12/08/2011 4:34PM

Monmouth lease deal in jeopardy amid dispute

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Talks over a five-year lease for Monmouth Park have collapsed amid squabbling between the state, its horsemen, and the operator of the Jersey Shore racetrack, according to New Jersey racing officials.

The dispute arose late last week when industry stakeholders gathered Friday to sign agreements that would allow New York real-estate developer Morris Bailey to lease Monmouth from the state for five years, including 2011. At the meeting, according to a representative of the state’s horsemen’s association, officials from Gov. Chris Christie’s administration said that horsemen would need to give up a permit for a Thoroughbred meeting at the Meadowlands or the state would back away from the deal, leading to negotiations over the weekend that failed to produce a final agreement.

Bailey, a Thoroughbred owner and breeder, now says that he wants to back out of the agreement, his attorney, Ronald Riccio, told the New Jersey Star-Ledger. Riccio did not return a phone call Thursday.

“Mr. Bailey is very disappointed the transaction could not be closed,” Riccio was quoted as saying.

The agreement between Bailey and the state to lease Monmouth is part of a complex series of pacts among the state, Bailey, New Jersey’s Standardbred and Thoroughbred horsemen, and the leaseholder of the Meadowlands, Jeff Gural. The agreements cover the amount of live racing at the two tracks; the liabilities and rights of the leaseholders as it pertains to both the tracks and off-track betting facilities and licenses; the splits of the revenue from wagering that go to purses; and the distribution of any potential revenues from casino gambling at the tracks if slot machines or other types of gambling are legalized down the road.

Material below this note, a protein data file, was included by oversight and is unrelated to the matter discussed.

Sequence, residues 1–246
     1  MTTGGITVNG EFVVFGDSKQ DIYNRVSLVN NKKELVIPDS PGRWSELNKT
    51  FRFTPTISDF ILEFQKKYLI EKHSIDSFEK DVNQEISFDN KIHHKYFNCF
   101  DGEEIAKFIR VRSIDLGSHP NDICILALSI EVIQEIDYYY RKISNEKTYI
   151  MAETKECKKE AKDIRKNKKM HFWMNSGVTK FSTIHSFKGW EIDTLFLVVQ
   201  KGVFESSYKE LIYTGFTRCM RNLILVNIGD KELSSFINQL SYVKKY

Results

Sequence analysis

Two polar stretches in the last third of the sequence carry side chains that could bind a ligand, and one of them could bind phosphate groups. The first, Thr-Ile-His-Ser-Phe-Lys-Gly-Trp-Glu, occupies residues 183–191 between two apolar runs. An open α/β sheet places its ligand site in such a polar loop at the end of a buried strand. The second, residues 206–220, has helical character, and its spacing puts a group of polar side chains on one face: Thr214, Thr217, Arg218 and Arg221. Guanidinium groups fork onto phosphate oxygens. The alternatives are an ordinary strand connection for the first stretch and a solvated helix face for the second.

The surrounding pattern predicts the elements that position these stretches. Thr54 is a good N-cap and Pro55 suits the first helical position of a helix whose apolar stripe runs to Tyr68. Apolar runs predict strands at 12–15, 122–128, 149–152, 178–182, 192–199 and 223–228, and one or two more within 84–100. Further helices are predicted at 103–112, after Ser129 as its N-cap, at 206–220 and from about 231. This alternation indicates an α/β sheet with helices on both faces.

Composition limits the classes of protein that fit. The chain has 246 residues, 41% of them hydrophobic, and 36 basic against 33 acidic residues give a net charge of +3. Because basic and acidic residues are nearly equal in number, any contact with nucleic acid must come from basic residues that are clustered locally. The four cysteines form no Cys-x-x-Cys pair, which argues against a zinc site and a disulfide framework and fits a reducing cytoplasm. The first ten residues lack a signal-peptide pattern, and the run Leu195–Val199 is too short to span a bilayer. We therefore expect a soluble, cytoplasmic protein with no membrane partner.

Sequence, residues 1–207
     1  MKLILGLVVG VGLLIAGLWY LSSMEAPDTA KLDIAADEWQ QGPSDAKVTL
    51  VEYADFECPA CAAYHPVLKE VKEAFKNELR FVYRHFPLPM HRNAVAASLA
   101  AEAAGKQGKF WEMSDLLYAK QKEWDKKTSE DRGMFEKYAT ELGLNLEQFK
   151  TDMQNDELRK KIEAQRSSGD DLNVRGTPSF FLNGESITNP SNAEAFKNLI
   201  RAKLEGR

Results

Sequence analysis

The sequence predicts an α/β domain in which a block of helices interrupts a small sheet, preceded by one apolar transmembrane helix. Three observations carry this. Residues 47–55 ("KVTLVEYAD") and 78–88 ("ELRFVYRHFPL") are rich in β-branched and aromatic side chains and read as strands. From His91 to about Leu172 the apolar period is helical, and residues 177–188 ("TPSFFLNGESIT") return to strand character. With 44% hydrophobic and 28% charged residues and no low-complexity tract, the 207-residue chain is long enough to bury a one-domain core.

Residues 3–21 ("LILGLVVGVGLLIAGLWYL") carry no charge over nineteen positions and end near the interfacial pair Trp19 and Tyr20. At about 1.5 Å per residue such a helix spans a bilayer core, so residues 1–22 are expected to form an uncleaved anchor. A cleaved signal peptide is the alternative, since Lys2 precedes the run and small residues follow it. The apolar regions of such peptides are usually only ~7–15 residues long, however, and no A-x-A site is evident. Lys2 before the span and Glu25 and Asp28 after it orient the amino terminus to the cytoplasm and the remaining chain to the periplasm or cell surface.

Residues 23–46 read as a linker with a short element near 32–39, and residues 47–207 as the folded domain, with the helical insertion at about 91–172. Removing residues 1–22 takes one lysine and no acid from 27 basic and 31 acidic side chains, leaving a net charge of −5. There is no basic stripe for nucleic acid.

John Forbes, president of the New Jersey horsemen's group, said that Christie’s representatives told the horsemen Friday that the state’s attorney general was “uncomfortable” with the Thoroughbred horsemen holding the permit for Thoroughbred racing at the Meadowlands, but he said the officials did not elaborate. Under the lease this year, Bailey held the lease for 50 days at Monmouth, and the Thoroughbred horsemen had a 21-day permit for racing at the Meadowlands, which they used to hold an additional 21 days at Monmouth.

Also related to the situation, Dennis Drazin, the chairman of the New Jersey Racing Commission, resigned his position last week. Drazin is the former executive director of the New Jersey Thoroughbred Horsemen’s Association, and he will now act as a consultant to the association in any further negotiations with the state over the Monmouth lease, Forbes said.

Michael Drewniak, a spokesman for Christie, declined to comment about the status of the talks but disputed Forbes's description of the events leading to the collapse.

"All I can tell you is that Mr. Forbes' story is not at all an accurate characterization of events," Drewniak said.

As part of his campaign for governor last year, Christie vowed to push the state out of the racing business, citing ongoing losses from racing at the New Jersey Sports and Exposition Authority, which owns and operates the two tracks. Shortly after being elected, he issued requests for proposals to lease the tracks and identified Bailey and Gural as the two potential leaseholders of the tracks.

Negotiations were said to be complete on the agreements by mid-summer, but the talks also hit hurdles along the way. In late summer, Bailey said he wanted to back out of the deal because the state was attempting to shift some financial liabilities from the meet this year to his lease, and it remains unclear if those issues were resolved.